Yellow fever killed hundreds of thousands of people and sickened many more throughout the 19th Century, and nobody knew for sure how it was spread or how to contain it. It was the most dreaded disease in the Americas, creating mass panic and destroying commerce.
In 1881, Cuban scientist Carlos Finlay proposed that a certain type of mosquito was the disease vector. But he wasn’t able to provide adequate proof for his hypothesis until he collaborated with Walter Reed and other American scientists in a series of risky yet pioneering experiments in Cuba. The Walter Reed Commission received significant credit for establishing that the mosquito spread the disease, a discovery that would not have been possible without collaboration among Cuban and American scientists, enabled by their respective governments.
This kind of collaboration between Cuban and American scientists would be considerably more difficult today.
“Sometimes, we need to collaborate despite problems with diplomacy,” said Vaughan Turekian, editor of AAAS Science and Diplomacy, on Wednesday at the Science Advice to Governments conference, a gathering of more than 200 science policy experts that kicked off Wednesday in Auckland, New Zealand.
The strained relationship between Cuba and the United States is obvious. But there are a number of other more often more subtle internal government policies that make it more difficult for scientists to collaborate across borders.
After some questionable conference spending by a U.S. government agency, Congress clamped down on employee travel, with the unintended consequences of preventing scientists from attending and presenting at scientific meetings, where much collaboration takes place. In May 2013, 64 science and engineering associations (64!) asked Congress to change existing travel rules so that scientists may participate in technical conferences. Recently, a congressional committee recognized this problem and encouraged the Department of Defense to make the necessary funds available for scientists to be able to travel to meetings.
U.S. government scientists at times have also faced challenges publishing research in a timely manner, and have faced retribution for doing so. Just a few weeks ago, a 17-year veteran at the Los Alamos National Laboratory was fired after he published an academic article on his own time that made the case for eliminating nuclear weapons. Current Department of Energy policies are severely inadequate to protect the rights of scientists to pursue politically contentious research.
The situation in Canada is far worse. Federal government scientists who responded to a 2013 survey reported significant difficulty collaborating with peers. From PIPSC, the union that conducted the survey:
Approximately three-quarters (73%) of federal scientists are concerned that new departmental policies on intellectual property, permission to publish, and collaboration compromise their ability to collaborate with international colleagues. Only 36% say they are approved to attend conferences, and less than one-quarter (24%) feel the approval process for attending conferences, courses and other events is fair, transparent and performed on a timely basis.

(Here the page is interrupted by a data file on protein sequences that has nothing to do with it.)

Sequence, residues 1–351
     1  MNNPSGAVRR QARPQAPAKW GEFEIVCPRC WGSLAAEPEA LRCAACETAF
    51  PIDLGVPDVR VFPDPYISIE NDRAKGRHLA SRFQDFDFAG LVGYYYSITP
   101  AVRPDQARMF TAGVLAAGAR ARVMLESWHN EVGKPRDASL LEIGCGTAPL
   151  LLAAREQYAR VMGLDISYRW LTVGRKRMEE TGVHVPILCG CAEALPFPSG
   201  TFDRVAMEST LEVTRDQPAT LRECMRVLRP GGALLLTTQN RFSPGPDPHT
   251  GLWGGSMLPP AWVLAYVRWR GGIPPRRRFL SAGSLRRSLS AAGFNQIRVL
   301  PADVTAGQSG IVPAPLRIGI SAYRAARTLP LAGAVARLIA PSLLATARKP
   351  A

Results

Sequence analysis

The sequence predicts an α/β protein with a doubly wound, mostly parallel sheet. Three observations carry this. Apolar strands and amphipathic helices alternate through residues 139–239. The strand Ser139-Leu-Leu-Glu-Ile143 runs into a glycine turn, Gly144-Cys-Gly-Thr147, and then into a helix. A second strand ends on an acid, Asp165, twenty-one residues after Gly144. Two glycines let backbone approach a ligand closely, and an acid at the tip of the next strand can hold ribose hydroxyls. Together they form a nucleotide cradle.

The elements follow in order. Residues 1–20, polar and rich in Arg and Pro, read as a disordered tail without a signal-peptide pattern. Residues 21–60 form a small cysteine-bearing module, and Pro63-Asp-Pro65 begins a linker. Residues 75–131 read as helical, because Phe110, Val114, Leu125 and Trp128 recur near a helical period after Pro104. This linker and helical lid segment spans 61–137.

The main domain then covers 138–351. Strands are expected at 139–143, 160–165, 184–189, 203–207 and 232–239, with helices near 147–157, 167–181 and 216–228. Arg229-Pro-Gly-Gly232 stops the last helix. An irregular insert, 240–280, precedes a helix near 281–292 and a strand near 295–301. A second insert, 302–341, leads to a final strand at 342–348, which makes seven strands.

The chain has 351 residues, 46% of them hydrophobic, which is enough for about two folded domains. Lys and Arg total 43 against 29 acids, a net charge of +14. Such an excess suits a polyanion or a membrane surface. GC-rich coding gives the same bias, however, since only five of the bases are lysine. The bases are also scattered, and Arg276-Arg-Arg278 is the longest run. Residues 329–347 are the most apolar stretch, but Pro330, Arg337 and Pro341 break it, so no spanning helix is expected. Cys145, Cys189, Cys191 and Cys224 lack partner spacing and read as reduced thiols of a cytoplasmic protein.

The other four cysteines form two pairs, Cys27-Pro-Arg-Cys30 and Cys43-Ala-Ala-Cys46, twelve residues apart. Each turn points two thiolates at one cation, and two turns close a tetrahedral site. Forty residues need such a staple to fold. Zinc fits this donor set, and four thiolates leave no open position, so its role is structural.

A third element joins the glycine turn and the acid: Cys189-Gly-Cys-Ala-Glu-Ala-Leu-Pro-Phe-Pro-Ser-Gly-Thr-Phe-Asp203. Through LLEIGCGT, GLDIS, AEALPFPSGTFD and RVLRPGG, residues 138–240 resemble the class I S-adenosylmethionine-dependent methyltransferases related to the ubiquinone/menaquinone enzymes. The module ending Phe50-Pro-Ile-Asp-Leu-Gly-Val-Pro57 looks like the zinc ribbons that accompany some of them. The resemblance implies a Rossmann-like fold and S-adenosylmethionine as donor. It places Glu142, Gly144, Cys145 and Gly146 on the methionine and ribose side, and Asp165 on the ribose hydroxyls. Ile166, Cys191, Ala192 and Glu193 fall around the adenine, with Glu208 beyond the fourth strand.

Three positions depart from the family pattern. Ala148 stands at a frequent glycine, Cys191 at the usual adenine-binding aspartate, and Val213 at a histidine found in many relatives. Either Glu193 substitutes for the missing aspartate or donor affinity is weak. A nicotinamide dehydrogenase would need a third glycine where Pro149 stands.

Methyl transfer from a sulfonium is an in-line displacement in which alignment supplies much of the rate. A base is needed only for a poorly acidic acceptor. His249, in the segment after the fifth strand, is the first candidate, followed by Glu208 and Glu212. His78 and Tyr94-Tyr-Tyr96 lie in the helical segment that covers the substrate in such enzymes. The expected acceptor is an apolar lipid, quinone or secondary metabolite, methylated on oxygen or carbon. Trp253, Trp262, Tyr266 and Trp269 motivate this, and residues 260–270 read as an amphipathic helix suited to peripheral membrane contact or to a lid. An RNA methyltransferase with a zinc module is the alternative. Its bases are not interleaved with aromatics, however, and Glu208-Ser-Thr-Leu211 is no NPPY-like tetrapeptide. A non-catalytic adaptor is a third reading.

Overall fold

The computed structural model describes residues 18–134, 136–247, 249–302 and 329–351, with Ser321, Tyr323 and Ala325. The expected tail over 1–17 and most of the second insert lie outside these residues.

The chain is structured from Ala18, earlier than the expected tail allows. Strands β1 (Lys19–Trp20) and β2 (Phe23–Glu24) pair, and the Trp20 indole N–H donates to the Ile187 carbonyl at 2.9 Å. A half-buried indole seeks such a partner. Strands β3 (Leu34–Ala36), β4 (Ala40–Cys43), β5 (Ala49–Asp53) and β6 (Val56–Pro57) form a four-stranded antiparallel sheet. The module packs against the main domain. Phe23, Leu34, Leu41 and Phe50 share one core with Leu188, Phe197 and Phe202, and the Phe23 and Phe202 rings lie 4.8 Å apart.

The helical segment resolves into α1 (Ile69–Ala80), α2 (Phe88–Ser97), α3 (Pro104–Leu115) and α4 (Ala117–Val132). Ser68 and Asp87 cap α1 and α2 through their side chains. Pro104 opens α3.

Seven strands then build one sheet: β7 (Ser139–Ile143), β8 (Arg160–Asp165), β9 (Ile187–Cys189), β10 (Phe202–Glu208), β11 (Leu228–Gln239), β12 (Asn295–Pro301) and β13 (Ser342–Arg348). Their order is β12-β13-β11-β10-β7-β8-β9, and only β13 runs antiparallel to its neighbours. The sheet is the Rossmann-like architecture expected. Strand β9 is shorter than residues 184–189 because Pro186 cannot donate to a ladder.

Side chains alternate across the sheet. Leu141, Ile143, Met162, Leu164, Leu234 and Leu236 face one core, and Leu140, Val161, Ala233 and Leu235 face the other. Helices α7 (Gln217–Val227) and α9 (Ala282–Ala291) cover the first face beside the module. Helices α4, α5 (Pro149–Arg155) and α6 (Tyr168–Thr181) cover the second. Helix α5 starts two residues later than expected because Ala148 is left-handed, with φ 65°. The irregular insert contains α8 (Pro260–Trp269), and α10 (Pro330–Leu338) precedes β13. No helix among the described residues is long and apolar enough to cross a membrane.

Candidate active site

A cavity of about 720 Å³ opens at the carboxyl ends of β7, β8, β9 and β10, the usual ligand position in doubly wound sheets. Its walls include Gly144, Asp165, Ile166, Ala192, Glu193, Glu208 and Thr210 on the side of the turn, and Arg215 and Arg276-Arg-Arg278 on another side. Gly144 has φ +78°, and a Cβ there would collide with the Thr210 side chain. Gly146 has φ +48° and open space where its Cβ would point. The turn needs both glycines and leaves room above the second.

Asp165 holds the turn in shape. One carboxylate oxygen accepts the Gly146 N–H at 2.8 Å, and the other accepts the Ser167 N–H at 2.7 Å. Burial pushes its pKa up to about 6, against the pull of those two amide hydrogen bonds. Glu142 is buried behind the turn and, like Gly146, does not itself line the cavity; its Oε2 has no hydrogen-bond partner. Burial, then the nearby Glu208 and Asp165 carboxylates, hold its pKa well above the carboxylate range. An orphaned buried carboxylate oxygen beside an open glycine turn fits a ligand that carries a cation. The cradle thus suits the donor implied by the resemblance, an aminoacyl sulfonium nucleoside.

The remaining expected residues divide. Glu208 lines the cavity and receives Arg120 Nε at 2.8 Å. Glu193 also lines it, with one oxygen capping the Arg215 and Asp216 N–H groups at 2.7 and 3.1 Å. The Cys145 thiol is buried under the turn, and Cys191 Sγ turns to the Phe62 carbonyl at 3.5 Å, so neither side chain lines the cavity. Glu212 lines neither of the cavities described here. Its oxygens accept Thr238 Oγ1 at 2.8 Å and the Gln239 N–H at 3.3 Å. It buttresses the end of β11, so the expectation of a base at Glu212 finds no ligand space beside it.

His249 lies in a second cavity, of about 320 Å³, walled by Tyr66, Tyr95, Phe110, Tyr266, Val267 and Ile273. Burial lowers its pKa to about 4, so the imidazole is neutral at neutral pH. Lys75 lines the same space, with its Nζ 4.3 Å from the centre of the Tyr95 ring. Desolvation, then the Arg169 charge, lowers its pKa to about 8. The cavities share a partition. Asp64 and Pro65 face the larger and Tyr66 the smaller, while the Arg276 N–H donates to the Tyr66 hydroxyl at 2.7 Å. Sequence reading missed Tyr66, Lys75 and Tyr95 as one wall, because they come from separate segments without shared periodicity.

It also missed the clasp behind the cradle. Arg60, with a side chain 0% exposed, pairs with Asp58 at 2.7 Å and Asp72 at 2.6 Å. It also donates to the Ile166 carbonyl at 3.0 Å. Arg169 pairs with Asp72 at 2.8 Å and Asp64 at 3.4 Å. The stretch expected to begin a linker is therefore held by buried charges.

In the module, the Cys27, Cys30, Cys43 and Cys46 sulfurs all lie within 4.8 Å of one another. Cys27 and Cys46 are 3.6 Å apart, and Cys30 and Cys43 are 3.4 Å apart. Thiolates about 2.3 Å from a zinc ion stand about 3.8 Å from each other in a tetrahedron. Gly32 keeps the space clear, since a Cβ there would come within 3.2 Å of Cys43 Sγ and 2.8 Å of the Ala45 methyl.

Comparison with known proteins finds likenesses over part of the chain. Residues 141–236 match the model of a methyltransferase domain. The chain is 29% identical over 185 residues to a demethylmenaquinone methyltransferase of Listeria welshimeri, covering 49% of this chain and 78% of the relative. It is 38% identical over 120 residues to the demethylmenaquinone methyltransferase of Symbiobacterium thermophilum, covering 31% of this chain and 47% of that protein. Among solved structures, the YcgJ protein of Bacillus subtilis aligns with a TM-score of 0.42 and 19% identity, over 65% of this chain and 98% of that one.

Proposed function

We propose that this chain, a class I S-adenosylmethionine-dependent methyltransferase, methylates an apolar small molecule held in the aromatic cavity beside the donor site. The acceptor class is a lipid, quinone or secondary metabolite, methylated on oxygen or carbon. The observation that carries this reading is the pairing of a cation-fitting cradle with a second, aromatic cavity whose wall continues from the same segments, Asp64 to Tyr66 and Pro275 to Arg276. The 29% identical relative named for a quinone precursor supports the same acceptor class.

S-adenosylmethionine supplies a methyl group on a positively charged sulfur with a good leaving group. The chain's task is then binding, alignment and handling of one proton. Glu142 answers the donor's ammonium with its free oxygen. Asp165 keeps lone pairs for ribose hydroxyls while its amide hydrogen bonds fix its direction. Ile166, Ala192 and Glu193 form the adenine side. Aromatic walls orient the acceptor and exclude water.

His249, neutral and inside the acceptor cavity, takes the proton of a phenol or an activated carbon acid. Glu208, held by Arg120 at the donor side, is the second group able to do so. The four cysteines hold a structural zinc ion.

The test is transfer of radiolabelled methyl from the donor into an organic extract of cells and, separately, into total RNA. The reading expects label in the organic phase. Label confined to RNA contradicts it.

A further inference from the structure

“Scientists from my department are regularly declined to attend conferences in which they are invited to give keynote lectures, and/or are convening scientific sessions,” wrote one Canadian scientist. “This is creating a reputation for Canadian government geoscientists in the international community that it is not worth the trouble to collaborate with us.”
Government instability can also create hazards for scientific collaboration. During the U.S. government shutdown in late 2013, thousands of government scientists halted work on critical experiments, creating data gaps and undermining international partnerships. Plans to send research vessels and equipment to Antarctica during the short research reason were scrapped, leading one scientist to lament that “millions of dollars that will have been squandered on lost work and hollow plans, sending a ripple effect into the future as researchers are forced to wait an entire year.”
I learned last night that the cancellation of the Antarctic research had ripples around the world, including here in New Zealand. “Almost all Antarctic research today is collaborative, so most national programmes will feel some consequences, but especially those with traditional close links with the US, such as our own,” said Peter Barrett of the Victoria University of Wellington at the time (one of several reactions cataloged by the Science Media Center of New Zealand).
The scientific challenges we face are ever more complex and international in scope. And the institutional challenges scientists face can be equally sophisticated. When attempting to break down barriers to international scientific collaboration, we need to take a comprehensive view.
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